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Archive of Recorded Sound

Archive news

Steinway Red Welte (1922), detail

In support of a major initiative to bring attention to the study of roll playing musical instruments, the Stanford Archive of Recorded Sound and Department of Music have acquired the Denis Condon Collection of Reproducing Pianos and Rolls, a collection of over 7500 rolls and ten players. The Condon Collection has long been known as one of the most important collections of reproducing pianos and piano rolls in private hands. Leading figures in the field of rolls and players are working along with Stanford faculty and staff on the project. The initiative will include roll preservation through scanning and digitization, restoration of instruments for playback, item level cataloging to allow for content discovery, and research into under-represented or rare systems and rolls. Plans for the collection include making streaming audio files of the recordings available to the public at large.

A compact cassette from the Clayman institute on Gender Studies SC0705

While often at the Stanford Media Preservation Lab we work with sound recordings Stanford acquired long ago sometimes we have the opportunity to work on media freshly acquired on the premise of immediately serving faculty and students. Recently a case like this occurred.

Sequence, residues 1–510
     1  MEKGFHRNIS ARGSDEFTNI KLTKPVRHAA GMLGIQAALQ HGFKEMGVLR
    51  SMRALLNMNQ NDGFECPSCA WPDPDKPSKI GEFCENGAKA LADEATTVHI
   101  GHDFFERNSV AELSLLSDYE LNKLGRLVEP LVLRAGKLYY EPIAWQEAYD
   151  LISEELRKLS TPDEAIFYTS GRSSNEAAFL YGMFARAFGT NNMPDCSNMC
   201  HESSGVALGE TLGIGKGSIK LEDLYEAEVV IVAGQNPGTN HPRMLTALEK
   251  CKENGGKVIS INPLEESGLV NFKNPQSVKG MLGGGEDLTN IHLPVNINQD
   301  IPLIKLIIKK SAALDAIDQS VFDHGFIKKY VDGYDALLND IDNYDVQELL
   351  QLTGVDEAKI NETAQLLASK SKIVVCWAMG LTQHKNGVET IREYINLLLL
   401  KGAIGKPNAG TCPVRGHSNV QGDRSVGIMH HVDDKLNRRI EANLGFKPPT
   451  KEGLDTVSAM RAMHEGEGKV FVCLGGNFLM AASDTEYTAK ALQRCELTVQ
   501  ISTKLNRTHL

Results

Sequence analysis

DAT

The Stanford Media Preservation Lab has kicked around the idea of building a dedicated Digital Audio Tape (DAT) "ripping" workstation around a Digital Data Storage (DDS) drive for a few years, but we never pursued it in earnest. We assumed the benefits of using a computer drive to read audio DATs largely centered around extraction time and reporting. Transferring a DAT in a conventional deck is done in real-time, whereas a DDS drive, we were told, would rougly cut the time in half depending on the speed of the drive (Peter Oleksik's retrospective on the Fugazi archive mentioned speeds up to 4x real-time using the DDS method with a Sony SDT-9000 drive and DATXtract). We also liked the idea of accompanying logs identifying where dropouts occurred. Still, we were skeptical whether such a system would be better than one designed around multiple conventional decks. Was there a way to test both methods without investing a bunch of money in late 1990s computer components?  

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